Atom Tickets gives theaters a subscription platform as MoviePass bombs

*|MC:SUBJECT|*
the big one
via GQ
Atom Tickets, a Fandango-like movie ticketing app that lets users buy movie tickets online, reserve seats, and preorder concessions has announced a new platform that will allow theaters to create their own movie ticket subscription services.

Up until this point, movie subscription services have been limited to large theater chains (think AMC and Cinemark) and startup providers (MoviePass, Sinemia).

This new platform will give indie theaters the power to build their own subscription services with pricing that fits their business needs.

And most importantly, Atom Tickets will provide the fraud detection technology that prevents people from gaming the system and sharing subscriptions -- a serious problem that has plagued movie subscription startups like MoviePass from day one.
 

Not familiar with the MoviePass story? 

Let’s get you up to speed. MoviePass is the startup that popularized (and validated) the idea of a movie theater subscription service. The company has been around since 2011, but didn’t really make a splash until August 2017 with the launch of its $9.95 monthly unlimited movie plan. 

Since then, it has been what we in Hollywood call a shitshow, here are the highlights:
  • February 2018: Growth has exploded from 20,000 users to over 2 million, causing some serious growing pains
  • April 2018: MoviePass quietly imposes a four-movie-per-month limit
  • May 2018: Sike, it’s unlimited again.
  • June 2018: AMC launches competitive subscription service for $20/month and MoviePass gets into the movie-making business with the release of Gotti (film scores 0% on Rotten Tomatoes)
  • July 2018: MoviePass raises price to $15/month
  • August 2018: Actually, it’s $10 again but with a three movies/month limit. Sinemia (a rival) rolls out a near-identical plan.
  • November 2018: The company has been hemorrhaging cash for months, parent company says they’ve lost $130 million during the last quarter
  • December 2018: Now it’s between $10 and $25 for three tickets depending on where you live
  • February 2019: MoviePass parent company is delisted from the Nasdaq after falling into penny stock territory
  • March 2019: Alright, back to basics: it’s $10 and unlimited again. 

If you’re curious about what’s next for MoviePass, the CEO did an interview with TechCrunch a few days ago.
 

A crowded theater

Although MoviePass’ last year was shambled at best, it proved there was serious interest in theater subscription services and there’s no shortage of new players entering the market. 

Infinity, a new ticket subscription service with plans for singles, couples, and families was announced on Wednesday.

It’s unclear how the service will differentiate itself from other services for movie-goers but it plans to be the most theater-friendly.

Theaters will have control over which movies and showtimes are available through Infinity, plus access to movie-goer data and a share in the company’s profits.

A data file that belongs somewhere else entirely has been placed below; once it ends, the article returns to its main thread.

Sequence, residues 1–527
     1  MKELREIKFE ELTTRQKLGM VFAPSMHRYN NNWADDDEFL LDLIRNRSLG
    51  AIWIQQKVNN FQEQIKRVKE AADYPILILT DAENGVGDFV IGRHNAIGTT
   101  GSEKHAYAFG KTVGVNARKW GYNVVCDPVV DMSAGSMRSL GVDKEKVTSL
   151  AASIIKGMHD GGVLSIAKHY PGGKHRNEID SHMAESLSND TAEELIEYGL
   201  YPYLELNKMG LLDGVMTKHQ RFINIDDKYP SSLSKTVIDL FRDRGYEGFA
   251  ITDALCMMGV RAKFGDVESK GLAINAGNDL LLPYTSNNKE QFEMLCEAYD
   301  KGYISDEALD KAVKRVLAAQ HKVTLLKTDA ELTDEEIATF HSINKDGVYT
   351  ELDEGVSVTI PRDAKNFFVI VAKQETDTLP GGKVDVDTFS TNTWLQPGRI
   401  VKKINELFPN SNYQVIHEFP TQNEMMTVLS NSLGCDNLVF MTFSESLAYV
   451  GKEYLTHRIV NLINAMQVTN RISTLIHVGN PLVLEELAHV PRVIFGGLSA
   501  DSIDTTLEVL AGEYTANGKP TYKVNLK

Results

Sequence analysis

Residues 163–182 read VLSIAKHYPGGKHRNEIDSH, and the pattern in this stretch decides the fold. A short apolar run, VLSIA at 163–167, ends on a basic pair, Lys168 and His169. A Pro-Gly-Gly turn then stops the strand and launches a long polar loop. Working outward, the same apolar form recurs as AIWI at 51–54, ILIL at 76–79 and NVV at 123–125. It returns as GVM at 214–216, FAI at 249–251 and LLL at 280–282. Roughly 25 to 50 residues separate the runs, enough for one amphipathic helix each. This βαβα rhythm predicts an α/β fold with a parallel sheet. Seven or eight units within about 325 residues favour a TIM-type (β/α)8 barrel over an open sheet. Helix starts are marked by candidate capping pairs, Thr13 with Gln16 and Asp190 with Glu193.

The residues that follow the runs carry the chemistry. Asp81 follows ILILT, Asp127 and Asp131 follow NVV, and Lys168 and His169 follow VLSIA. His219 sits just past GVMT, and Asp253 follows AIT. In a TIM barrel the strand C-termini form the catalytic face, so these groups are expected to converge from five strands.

Crystal Ball  Every startup in this new space will have trouble (see Sinemia’s past week) ironing out issues with pricing, movie restrictions, theater relations, and fraud over the next few years but movie theater subscriptions are here to stay. 
the sideshow

Ever-mysterious Palantir lands its largest military contract ever

The original palantir
Palantir, the big data company founded by Peter Thiel (and named after an object from The Lord of the Rings), won a major contract from the US Army worth up to $800 million. 

The company has a track record of winning smaller contracts (in the $5 to $20 million range) from the US government, but the new Army contract is its largest yet. 

After some serious lobbying and a pivotal lawsuit, Palantir has become the first Silicon Valley software company to beat out a traditional defense contractor (Raytheon in this case) for this type of government contract. 

Palantir will be tasked with building out a new version of the Distributed Common Ground System (DCGS-A, the A is for Army), the software used to store, structure, process, and derive insights from the massive amounts of intelligence data collected by the Army.

Casper pads its online mattress empire with another $100 million in funding

On Wednesday, Casper joined the unicorn club after raising $100 million in new funding from Target (who tried to buy Casper in 2017), New Enterprise Associates, and others at a $1.1 billion valuation.

After remaining stagnant for decades, the mattress industry was flipped on its box springs by online startups like Casper, Tuft & Needle, and Purple.

Between 2016 and 2017 alone, online sales as a share of the $15 billion mattress market doubled from 5% to 10%. Established retailers have struggled to adapt -- Mattress Firm filed for bankruptcy in October.

Since coming to market with “The Casper” mattress five years ago, Casper has introduced premium and budget-friendly mattress options, as well as pillows, bed frames, bedding, and a bedside light that looks eerily like an Apple HomePod. 

Like many other online direct-to-consumer success stories (Warby Parker, Away) Casper recently announced they’re getting into the brick and mortar game.
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